Wildlife Matters

Did you know that a chipmunk can throw its voice? Or that Wisconsin has a venomous mammal? What about the answer to the question: can porcupines throw their quills?

Every Monday on WXPR at 7:45 a.m. and 5:45 p.m., the Masked Biologist answers questions just like these about living here in the Northwoods.

You can keep track of Wildlife Matters and all of WXPR's local features on the WXPR Local Features podcast, wherever you get your podcasts.


A common resident of the Northwoods, the porcupine is often the source of much frustration and consternation for forest managers and homeowners. The Masked Biologist wants to help you get to know the porcupine and maybe share some tips or tricks to reduce porcupine damage in this week’s Wildlife Matters.

On a recent family outing, we noticed that wildlife is on the move taking advantage of what’s shaped up to be an early spring. We also noticed that one animal that seemed to be bad at safely crossing roads was the porcupine.


Do you have a favorite axiom or indicator that tells you spring has arrived? As usual, the Masked Biologist has much to say on the topic in this week’s Wildlife Matters.


A strange otter encounter, not once but twice, resulted in a Curious North question for the Masked Biologist, who talks about the North American river otter in this week’s Wildlife Matters.


One of the surest signs of spring here in the Northwoods is the arrival of flocks of Canada geese. You may not have given it much thought, this year or any year, but Aldo Leopold did. 

I thought I heard geese honking recently. Above the din of the noisy road outside, and the noisy family inside, I strained my ears to make sure. One of my boys saw me concentrating, appearing puzzled. “I think I hear geese” I told him. He replied that he had heard geese the day before.

Cody Russell, Nebraska Game and Parks Commission Facebook

Different animals use different strategies to get through the winter. Some are more obvious than others. What about turtles? The Masked Biologist gives us a glimpse into their lives in this week’s Wildlife Matters.

Recently a large snapping turtle garnered some attention on social media by doing what turtles do—swimming around slowly under water. What was a little unusual, at least for the photographer, is that the turtle swam right under where they were standing—there were a couple of inches of clear ice between them.


News is just coming to light about a momentous wildlife management event from last December. It involves a little black-footed ferret named Elizabeth Ann, who along with a horse named Kurt, inspired this week’s Wildlife Matters.


Did the recent cold snap help us in our fight against invasive species? The Masked Biologist says “yes and no” in this week’s Curious North-inspired edition of Wildlife Matters.

Recently, listener Bill Boldon went onto Curious North at WXPR and asked the question: Is the extended cold period long enough to help kill invasive species?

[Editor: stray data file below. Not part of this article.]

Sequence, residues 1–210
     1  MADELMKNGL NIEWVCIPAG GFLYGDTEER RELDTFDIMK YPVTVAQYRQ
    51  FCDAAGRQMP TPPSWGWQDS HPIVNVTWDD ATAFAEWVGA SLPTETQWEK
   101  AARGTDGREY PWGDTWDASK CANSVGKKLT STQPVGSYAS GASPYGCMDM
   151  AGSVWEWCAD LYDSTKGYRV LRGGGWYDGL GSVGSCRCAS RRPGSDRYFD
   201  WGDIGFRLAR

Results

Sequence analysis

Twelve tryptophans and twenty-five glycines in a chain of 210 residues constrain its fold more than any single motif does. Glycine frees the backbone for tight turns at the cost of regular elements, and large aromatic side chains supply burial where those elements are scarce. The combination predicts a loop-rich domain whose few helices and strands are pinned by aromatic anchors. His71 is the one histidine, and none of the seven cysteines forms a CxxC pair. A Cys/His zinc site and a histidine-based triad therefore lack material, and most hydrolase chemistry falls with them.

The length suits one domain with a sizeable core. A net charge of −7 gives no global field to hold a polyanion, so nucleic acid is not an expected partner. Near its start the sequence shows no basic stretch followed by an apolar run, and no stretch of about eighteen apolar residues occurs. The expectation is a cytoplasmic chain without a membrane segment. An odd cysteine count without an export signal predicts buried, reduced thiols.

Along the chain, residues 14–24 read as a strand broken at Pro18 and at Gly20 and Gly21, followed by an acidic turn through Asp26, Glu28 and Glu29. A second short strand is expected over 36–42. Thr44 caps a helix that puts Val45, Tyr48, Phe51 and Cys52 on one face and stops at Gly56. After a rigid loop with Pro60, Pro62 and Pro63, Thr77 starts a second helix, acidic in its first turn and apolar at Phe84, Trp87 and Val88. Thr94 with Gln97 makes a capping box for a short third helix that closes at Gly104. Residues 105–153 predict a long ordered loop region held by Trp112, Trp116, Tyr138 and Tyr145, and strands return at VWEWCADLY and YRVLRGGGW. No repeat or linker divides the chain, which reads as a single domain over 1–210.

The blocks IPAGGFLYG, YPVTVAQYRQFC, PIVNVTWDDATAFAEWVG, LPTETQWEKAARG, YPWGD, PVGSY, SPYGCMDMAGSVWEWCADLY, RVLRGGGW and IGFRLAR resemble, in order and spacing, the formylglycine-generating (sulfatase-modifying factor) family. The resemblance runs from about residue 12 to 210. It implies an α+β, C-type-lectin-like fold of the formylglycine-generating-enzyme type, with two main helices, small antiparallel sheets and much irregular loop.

If you’ve ever attended a public meeting to testify, you probably have noticed there is a broad range of testimony types that yield varying results. The Masked Biologist gives a few pointers for effective testimony.

I have been watching a lot of meetings lately about natural resource issues, from wildlife hunting seasons to land acquisition or sale. Meetings have been a big part of my life in a career as a public servant, and it occurs to me that there are numerous simple ways that people can make their brief time testifying at the podium more effective. Here are a few.


Recently three dogs were poisoned, one fatally, while on a walk in the woods with their owners. Do you know what poison does to dogs and other animals? What can you do to protect your dogs? Is there any way you can help? The Masked Biologist tries to help with answers in this week’s Wildlife Matters.


The gray wolf has been on and off the federal endangered species list for years. Right now, it’s off the list. But designation on the endangered species list can be politized, and politics have shifted. The Masked Biologist has more about what’s happening with this year’s wolf hunt.

Last week was a crazy week. There was a lot going on, and everything felt rushed. In Washington DC, President Trump rushed to finish some things before he left office, and the same day, President Biden rushed to undo many of the things that his predecessor had done, or left undone.


Have you thought about your funeral plans and their impact on the environment? It is not a pleasant topic, but it is one the Masked Biologist thinks deserves some extra thought, as he shares in this week’s Wildlife Matters.


Do you have a role to play in the management of Wisconsin’s elk? In this week’s Wildlife Matters, the Masked Biologist makes the argument that you do, and gives us a quick peek at the state’s elk management plan.


As the year comes to a close, the Masked Biologist takes a few minutes to ponder the fate of endangered species around the globe and closer to home.

Utah Division of Wildlife Resources

What is a wildlife overpass, or underpass, and does Wisconsin have any? Why or why not? Valid questions, to be certain, and the Masked Biologist has a few answers for us.

Image by CTolman on Pixabay.com

Rocky the owl made headlines recently with a wild ride into the Big Apple. The Masked Biologist ponders the plight of this owl in this week’s wildlife matters.